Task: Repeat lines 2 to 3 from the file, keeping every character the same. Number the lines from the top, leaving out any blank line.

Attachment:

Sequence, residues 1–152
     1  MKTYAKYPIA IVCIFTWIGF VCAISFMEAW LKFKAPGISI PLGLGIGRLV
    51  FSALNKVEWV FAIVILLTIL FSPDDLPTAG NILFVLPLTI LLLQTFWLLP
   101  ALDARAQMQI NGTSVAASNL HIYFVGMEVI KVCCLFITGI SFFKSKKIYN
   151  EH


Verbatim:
     1  MKTYAKYPIA IVCIFTWIGF VCAISFMEAW LKFKAPGISI PLGLGIGRLV
    51  FSALNKVEWV FAIVILLTIL FSPDDLPTAG NILFVLPLTI LLLQTFWLLP